Community is a lot like an organism, if one part gets infected, it can kill the whole being. So how do you prevent the germs and remedy infection once it’s begun?
Community builders who start from the ground up to through a honeymoon stage where the only people that participate in the community are people who believe in it. They are supportive, they share with their friends, they encourage.
But once a community grows large enough, there are inevitably going to be people who are disillusioned, negative, and just plain nasty to you and your community. As the trusty leader of this community, what can you do when this happens?
Rule #1: Never pick a fight on social media.
Sure, you might’ve seen some of the (mostly fake) fights and arguments between brands that have gone viral, or the funny responses that people tweet when they have a problem with a company. What’s important to point out here is that it’s never the business that wins.
The sheer numbers of the internet means that there will always be someone who can make a wittier comment, a stronger comeback, a point of view that you never thought of. True, most comments and responses online are crap, but it only takes one person to undermine a lot of your community management efforts, so keep it above the boards and don’t take the bait, it’s often what the trolls want.
Rule #2: Separate the person from the group.
It is easier to deal with someone one-on-one, or better yet, offline, than within the community channels. Sometimes this extra attention gives the person a chance to vent, and they can make a clean break if they are really unhappy. If a tweet exchange is getting out of control, take it to email. If a post on your Facebook page is causing controversy, take it down. Just like sometimes limbs must be amputated to ward off infection and death, be willing to cut out the infected part and say good bye to it.
Rule #3: Don’t make up excuses.
Stand by what you are building, understand when people are being mean, and don’t apologize every time someone brings up something negative, especially if they are being confrontational.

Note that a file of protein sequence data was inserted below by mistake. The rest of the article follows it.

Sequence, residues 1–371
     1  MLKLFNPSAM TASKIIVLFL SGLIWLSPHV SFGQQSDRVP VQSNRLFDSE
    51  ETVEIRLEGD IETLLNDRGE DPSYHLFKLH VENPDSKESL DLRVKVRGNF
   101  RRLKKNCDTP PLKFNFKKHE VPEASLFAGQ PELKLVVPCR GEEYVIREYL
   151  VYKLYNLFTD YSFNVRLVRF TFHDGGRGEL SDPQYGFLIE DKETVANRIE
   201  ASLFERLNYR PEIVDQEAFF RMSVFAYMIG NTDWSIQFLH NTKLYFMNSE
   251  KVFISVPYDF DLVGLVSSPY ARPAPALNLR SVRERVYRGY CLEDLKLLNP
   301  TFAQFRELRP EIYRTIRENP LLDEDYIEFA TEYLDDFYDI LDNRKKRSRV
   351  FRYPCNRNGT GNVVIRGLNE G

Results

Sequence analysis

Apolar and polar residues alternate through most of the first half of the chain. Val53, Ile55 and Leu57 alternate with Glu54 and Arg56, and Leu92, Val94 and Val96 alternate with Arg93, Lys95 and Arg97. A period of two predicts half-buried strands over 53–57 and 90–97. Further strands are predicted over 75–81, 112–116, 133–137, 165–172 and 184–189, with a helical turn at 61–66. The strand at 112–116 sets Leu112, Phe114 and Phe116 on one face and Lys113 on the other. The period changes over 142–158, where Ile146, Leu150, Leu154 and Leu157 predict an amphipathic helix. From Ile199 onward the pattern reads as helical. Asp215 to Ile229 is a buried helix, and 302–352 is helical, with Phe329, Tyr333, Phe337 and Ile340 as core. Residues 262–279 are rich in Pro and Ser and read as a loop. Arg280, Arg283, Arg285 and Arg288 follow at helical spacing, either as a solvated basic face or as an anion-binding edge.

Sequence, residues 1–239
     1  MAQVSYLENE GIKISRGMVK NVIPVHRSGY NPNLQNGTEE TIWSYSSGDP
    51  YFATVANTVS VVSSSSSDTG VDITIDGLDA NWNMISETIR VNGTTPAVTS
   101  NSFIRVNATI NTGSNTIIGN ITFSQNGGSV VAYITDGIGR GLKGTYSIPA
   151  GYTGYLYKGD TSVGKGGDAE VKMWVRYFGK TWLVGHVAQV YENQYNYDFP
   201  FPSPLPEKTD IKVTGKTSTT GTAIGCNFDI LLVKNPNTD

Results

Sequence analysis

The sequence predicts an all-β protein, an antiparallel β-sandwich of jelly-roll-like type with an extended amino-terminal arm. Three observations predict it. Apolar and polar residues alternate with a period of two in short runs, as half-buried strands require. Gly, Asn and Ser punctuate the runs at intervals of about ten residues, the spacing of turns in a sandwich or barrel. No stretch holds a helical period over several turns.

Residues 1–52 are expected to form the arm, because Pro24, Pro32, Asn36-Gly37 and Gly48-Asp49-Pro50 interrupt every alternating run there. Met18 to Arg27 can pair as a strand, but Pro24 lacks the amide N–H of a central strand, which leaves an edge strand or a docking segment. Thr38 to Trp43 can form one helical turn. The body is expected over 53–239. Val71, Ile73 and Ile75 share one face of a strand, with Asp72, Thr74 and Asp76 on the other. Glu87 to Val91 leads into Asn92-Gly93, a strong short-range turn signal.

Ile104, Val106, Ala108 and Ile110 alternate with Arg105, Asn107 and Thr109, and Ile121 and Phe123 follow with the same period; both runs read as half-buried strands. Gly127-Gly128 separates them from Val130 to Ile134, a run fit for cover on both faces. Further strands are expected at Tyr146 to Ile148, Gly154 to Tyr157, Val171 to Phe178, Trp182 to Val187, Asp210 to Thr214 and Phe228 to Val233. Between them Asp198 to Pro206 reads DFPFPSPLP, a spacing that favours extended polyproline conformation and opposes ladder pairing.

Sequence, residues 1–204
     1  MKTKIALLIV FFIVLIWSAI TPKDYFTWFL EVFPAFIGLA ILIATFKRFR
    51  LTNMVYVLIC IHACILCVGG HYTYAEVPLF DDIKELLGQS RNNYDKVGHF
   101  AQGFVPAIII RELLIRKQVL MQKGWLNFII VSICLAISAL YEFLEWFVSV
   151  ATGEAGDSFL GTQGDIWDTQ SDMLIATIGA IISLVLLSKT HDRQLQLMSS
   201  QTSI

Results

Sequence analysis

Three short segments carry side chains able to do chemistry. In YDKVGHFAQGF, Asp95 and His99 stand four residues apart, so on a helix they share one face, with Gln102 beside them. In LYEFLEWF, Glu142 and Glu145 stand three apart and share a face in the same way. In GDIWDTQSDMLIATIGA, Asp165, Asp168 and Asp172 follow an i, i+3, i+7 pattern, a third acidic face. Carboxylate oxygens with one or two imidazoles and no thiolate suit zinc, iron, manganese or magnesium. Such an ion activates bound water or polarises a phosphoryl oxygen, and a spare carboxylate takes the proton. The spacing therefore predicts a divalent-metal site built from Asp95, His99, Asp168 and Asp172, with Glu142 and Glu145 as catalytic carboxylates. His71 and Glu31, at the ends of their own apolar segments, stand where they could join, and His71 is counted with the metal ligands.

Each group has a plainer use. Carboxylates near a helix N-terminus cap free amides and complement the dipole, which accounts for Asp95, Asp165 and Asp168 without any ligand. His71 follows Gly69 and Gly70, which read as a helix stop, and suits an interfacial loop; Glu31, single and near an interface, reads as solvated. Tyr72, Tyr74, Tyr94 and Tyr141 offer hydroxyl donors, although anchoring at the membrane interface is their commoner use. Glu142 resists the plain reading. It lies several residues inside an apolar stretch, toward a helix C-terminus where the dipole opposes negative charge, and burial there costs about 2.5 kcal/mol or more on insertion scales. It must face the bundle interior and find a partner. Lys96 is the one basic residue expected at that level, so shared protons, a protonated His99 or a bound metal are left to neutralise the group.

Use phrases like “it’s strange that you feel that way, almost everyone has been saying they really enjoyed it” or call them out for their behavior in a polite way like “that comment isn’t helpful for us to create a better experience for you.” Most of the time, if you can explain that their behavior doesn’t help anything, people will realize how counterproductive they are being, and more importantly, that they are wasting their own time.
Rule #4: Apologize only when necessary.
Sometimes things don’t work, or there is a misunderstanding that causes a bad experience. If possible, try to offer a solution. “Oh no! Can you try… that might make it better.” And, if there is no solution, don’t apologize, stand firm. If someone asks for a use case for your product or service that doesn’t exist yet, don’t say “no, sorry, our product doesn’t do that” tell people “no, our product doesn’t do that, but it’s a good idea that I will pass along to the team.”
Especially for web-based products, there are many people who will complain about not being able to figure out the system, or who will make mistakes, get angry about them, and then blame the product. This is clearly not your fault, and you should make every effort to guide that user without apologizing. Being overly apologetic makes you look weak, and you should stand by what you’re managing!
Just kidding, this is a great way to destroy your community (unless you’re really good at it).
Community Manager and Chief BBQ Officer at Paris-based music start up Whyd: helping music lovers to access the wealth of free music available on the web today and tomorrow. Bakes lasagna, writes plays, paints buffalo.